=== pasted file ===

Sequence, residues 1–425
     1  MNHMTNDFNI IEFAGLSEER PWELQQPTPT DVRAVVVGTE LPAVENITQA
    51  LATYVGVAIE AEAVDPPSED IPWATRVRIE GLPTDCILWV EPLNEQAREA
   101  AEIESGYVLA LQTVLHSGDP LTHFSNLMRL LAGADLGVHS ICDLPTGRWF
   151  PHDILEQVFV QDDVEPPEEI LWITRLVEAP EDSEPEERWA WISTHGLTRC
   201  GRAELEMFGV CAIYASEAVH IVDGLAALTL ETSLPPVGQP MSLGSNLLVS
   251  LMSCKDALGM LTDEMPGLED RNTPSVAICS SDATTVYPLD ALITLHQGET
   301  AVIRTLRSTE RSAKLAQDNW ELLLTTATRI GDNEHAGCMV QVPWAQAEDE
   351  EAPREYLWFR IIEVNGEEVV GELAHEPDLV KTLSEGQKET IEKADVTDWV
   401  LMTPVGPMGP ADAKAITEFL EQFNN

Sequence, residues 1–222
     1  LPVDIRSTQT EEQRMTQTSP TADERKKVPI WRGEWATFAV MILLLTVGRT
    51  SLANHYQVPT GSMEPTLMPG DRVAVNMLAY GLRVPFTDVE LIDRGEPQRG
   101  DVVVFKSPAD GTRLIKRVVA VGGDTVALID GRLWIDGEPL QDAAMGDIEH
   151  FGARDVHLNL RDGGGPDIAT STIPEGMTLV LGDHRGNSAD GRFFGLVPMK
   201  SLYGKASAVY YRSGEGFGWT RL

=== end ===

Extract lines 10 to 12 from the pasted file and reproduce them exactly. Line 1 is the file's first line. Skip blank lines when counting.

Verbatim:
   401  LMTPVGPMGP ADAKAITEFL EQFNN

Sequence, residues 1–222
     1  LPVDIRSTQT EEQRMTQTSP TADERKKVPI WRGEWATFAV MILLLTVGRT